This weekend we hosted a multi-family (5 to be exact) garage sale in our driveway. I’ll be honest: the cause was not charitable. We will tithe some of our proceeds and the rest we are putting toward our Mexico 2015 fund. 🙂 I grew up helping my parents hold garage sales and finding treasures in the wee hours of a Saturday morning with my grandparents. It’s nostalgic for me.
Joey and I held one the first year we moved to Norman. All our things fit onto three small card tables and people would literally slow down to notice we had nothing of value to sell and then drive off. I tried not to get my feelings hurt. This weekend’s sale, however, was quite different. Our entire driveway and garage were full of wares. Our junk; someone else’s treasure.
If you’re thinking of hosting a garage sale yourself, here are a few tips I hope you’ll find helpful:
1. If you don’t have enough stuff to get rid of, ask a few friends to collaborate.
2. Decide location. A straight shot off a busy street with ample parking is best. Flat driveways are nice too.
3. Decide your purpose. Do you want to make money or do you want to get rid of stuff? Price your items accordingly.
4. Buy labels/tags. Assign each of the garage sale participants a color for pricing their items. This will help you keep individual items and subsequent sales separate.
5. Buy a permit from your city. Norman’s are $10 for three consecutive days.
6. Choose a weekend. We sold on Friday and Saturday. I think next time I’d just sell on Friday. We had to basically shove people out of our garage Friday afternoon but Saturday was slow and we were exhausted. We made about half as much money on Saturday as Friday.
7. Pack your garage full of tables and items the night before your sale so you can just move it all out in the morning.
8. Cover your garage walls with sheets to hide anything you don’t want to sell.
9. Advertise! Post your sale to Craigslist and include that it’s Multi-Family. Provide some pics. Make signs to post at the end of your street, front of your neighborhood and any busy cross-streets. We taped poster board to empty boxes and dropped bricks in the boxes to keep them in place.
10. Assign jobs for your friends. Have a coffee/breakfast runner. Friday morning Pascha picked up Panera. Saturday I made a quiche and Joey put on a large pot of coffee.
Assign a few people to help set out tables in the morning. Someone should get change (Laura got about $40 in ones). Have someone bring you lunch…or else you’ll get cranky. Thanks, Morgan! Childcare. Joey took Finn to the Starbucks patio to play in his wheelchair, they visited a few friends, and even went to the Natural History Museum. SuperDad.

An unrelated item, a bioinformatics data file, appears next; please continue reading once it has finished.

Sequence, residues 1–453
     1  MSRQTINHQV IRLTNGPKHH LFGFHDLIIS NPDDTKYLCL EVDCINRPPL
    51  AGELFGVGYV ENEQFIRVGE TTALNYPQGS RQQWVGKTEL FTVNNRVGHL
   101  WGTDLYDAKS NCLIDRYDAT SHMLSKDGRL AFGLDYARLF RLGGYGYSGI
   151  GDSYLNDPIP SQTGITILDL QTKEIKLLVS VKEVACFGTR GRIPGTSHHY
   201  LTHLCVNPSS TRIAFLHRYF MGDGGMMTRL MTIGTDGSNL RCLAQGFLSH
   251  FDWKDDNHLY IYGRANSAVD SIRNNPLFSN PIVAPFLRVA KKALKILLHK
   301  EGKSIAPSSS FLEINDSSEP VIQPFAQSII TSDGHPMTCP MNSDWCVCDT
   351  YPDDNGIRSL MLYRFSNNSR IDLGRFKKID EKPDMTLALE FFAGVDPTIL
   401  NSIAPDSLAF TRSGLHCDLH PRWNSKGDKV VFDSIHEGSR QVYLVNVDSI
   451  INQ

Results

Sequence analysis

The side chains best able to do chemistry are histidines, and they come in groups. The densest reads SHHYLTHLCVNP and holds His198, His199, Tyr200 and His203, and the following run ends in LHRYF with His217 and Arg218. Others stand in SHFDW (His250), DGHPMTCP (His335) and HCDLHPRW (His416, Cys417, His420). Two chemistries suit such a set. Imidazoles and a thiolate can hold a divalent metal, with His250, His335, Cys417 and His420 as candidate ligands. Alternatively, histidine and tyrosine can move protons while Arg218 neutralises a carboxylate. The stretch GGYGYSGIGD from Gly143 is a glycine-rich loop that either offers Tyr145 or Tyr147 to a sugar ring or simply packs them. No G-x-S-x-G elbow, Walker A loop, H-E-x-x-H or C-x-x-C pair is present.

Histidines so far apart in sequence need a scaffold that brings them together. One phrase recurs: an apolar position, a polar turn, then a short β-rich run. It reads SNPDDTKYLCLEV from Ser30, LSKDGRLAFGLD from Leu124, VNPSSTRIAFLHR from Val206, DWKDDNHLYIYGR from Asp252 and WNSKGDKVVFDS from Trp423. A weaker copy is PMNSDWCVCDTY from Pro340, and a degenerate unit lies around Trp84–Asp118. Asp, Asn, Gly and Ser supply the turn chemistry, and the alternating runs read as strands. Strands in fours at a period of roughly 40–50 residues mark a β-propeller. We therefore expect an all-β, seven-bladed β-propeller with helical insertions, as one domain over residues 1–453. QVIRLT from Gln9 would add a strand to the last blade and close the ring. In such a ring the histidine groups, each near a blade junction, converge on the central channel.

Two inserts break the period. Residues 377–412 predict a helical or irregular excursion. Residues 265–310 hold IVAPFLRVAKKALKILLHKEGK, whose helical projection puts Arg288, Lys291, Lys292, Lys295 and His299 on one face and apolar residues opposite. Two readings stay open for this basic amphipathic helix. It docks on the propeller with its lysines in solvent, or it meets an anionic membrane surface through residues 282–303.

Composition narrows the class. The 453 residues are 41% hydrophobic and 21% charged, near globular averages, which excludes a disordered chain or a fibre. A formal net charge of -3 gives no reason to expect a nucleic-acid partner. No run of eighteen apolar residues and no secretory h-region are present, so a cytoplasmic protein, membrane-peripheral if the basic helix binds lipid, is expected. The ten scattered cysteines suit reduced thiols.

And lastly, have a boy available to haul anything away that doesn’t sell to Goodwill. Jeff, you’re the man.
11. Organize. This will provide sanity in the chaos. Kitchen items stay together, home decor in one place, toys in a box (all one price?), books and dvds together, etc. Organize baby/children’s clothing by size.
We put ours into tubs and priced them all at $1 unless otherwise marked. Hang adult clothing on racks.
Shoes can be placed in pairs on the ground.
Place furniture close to the street so it’s easy to load into vehicles.
12. Keep valuable items in sight. We had three Coach purses for sale and tried to keep an eye on them at all times. We neglected to watch our jewelry, however. Within two hours, four of my seven pieces were stolen. And another was stolen even when we moved the jewelry closer. This made me so sad; I’d rather just GIVE items away. Don’t steal a $2 item, people! Sheesh.
13. Keep track of sales in a notebook with families labeled by tag color.
You can simply pull off the tag and stick it to the notebook page. Or write the price on their page if the tag falls off or in the event that you lower the price.
14. Offer lower prices as the day wears on. By the time we were packing up Saturday, just about everything was $1.
15. And maybe don’t host a garage sale when you’re a week shy of nine months pregnant. It’s hard work! Whew.